Monthly Archives: September 2018

Faithful and Just

You have probably heard someone quote 1 John 1:9, perhaps in its immediate context:

8If we say we have no sin, we deceive ourselves, and the truth is not in us. 9If we confess our sins, he is faithful and just to forgive us our sins and to cleanse us from all unrighteousness. 10If we say we have not sinned, we make him a liar, and his word is not in us.
(1 John 1:8-10 ESV)

I’ve often thought of this as a “Jesus forgives” sandwich on “we sin” bread. That is, I saw verses 8 and 10 as saying basically the same thing, with the sole purpose of supporting v9. But I looked at it more closely recently, and I think John is saying something important here, that we don’t want to miss.

I think this point has to do with two basic human desires: to be right, and to be in relationship. Looking at verse 8, we might see the following structure:1John 1:8 mapThat is, we have a basic if/then structure (with an implied then). The if clause contains something we may say about ourselves: we have no sin. This is maybe not something we would say straight out like that, but I think a decent summary would be “I’m right”. Have you never said this? I have. “My condition/position does not contain flaws.” This is a statement about who I am, which is very important in these days of identity wars.

So what is the consequence of saying “I’m right”? In this verse they are twofold. First, we deceive ourselves. This is, I think, the most fundamental flaw with a worldview that states “I decide/declare who I am”; there is no way to handle self-deception (which is visible in the most basic understanding of human psychology).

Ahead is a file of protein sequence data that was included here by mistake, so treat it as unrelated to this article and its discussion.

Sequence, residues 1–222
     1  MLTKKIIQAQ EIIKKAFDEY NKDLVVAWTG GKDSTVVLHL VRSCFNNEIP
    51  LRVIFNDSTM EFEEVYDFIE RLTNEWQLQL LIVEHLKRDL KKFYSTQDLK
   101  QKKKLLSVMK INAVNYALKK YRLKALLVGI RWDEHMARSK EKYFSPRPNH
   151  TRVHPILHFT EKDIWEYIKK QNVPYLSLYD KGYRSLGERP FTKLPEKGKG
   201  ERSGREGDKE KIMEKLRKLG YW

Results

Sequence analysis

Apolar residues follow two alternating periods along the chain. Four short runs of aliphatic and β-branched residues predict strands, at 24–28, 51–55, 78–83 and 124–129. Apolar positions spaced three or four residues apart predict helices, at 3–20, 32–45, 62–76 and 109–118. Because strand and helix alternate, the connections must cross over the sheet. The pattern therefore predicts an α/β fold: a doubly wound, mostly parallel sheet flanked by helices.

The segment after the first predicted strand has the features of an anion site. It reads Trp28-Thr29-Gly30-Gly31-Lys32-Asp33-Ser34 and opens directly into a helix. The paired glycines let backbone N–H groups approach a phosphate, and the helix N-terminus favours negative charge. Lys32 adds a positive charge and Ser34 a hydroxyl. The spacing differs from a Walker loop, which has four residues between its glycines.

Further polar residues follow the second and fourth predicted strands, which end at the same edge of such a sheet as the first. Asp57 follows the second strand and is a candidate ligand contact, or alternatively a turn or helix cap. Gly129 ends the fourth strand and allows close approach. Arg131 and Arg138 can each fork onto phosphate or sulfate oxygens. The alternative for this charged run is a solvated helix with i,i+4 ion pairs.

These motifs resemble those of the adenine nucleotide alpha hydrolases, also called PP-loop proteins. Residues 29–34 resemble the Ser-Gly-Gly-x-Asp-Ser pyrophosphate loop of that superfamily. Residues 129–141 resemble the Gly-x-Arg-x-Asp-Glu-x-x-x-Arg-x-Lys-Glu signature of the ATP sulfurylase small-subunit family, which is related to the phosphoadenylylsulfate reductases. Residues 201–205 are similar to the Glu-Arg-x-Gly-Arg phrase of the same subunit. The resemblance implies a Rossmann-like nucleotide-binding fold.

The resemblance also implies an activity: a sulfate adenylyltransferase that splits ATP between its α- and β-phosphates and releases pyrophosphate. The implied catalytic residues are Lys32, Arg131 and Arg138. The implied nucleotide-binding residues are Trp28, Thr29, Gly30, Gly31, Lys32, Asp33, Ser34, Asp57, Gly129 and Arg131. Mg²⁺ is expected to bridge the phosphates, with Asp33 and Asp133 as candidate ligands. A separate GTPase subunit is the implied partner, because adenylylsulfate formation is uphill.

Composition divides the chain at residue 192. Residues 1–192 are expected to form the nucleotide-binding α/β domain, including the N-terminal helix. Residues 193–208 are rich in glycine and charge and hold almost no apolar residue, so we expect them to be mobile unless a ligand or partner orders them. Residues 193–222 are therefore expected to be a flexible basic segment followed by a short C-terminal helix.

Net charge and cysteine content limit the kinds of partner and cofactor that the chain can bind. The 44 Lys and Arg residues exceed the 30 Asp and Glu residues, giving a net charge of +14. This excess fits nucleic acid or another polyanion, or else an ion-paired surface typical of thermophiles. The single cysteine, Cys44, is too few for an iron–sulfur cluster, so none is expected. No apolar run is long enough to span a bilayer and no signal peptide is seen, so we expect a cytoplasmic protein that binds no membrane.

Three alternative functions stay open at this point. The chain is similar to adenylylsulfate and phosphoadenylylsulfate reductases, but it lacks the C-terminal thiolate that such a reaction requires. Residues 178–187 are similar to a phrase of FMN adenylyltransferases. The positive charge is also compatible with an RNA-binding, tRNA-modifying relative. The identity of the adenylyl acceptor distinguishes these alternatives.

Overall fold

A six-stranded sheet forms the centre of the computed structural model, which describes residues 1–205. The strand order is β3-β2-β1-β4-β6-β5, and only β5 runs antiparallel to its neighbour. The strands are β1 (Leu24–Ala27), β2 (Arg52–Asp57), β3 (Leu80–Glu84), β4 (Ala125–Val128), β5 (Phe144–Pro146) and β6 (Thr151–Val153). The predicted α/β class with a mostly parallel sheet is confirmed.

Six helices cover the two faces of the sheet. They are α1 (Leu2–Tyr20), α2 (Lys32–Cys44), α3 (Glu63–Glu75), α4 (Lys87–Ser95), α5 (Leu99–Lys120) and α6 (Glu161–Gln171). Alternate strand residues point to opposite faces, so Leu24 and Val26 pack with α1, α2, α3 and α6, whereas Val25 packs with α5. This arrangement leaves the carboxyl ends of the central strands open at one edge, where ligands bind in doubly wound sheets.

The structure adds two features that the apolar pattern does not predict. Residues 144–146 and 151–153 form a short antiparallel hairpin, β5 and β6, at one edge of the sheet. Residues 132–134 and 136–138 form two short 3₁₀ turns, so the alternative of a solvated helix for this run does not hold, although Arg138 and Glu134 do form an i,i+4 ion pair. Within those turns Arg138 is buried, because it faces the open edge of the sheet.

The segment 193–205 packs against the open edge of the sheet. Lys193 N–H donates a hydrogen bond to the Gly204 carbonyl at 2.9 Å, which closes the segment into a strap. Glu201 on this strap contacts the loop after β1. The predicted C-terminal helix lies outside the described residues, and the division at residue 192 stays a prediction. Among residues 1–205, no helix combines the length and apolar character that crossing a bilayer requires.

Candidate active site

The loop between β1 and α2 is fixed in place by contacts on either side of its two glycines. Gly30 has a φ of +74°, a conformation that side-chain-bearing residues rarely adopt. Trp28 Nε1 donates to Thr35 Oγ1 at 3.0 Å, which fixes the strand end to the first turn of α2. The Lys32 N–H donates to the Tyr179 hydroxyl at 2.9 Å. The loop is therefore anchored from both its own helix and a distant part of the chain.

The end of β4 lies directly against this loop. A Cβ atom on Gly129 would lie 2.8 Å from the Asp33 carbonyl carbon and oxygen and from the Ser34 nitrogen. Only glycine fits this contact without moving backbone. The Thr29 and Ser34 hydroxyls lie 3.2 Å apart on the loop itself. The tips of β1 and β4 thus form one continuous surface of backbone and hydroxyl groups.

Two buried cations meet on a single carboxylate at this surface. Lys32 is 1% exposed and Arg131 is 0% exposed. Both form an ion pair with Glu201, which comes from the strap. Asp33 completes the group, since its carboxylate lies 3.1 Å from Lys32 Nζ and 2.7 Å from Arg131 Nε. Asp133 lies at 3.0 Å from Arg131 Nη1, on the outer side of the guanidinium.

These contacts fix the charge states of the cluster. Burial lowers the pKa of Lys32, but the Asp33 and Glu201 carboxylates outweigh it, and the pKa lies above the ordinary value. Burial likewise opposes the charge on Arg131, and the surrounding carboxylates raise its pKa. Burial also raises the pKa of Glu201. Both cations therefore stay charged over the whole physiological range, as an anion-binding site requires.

The second consequence of saying “I’m right” is that the truth is not in us. Or, you could say we are wrong. In this way, a direct consequence of insisting I’m right is proving that I’m wrong. My insisting that my personal status is “correct” or “OK” makes my personal status “incorrect” and “Not OK”. So much for my desire to be right.

Verse 10, on the other hand, deals with actions and relationship:1John 1:10 mapAgain we have an if/then structure, and again the if clause has to do with something we say about ourselves. But this time the statement is not we have no sin, but we have not sinned (or perhaps “I have not done wrong”). While the difference may seem trivial, I think it interesting that the if clause in v10 is talking about what we say about our actions, whereas the if clause in v8 was talking about who we are, or our status. Yes, there is a sense in which if we do right/wrong, we are right/wrong, and vice versa, but they are not exactly the same thing.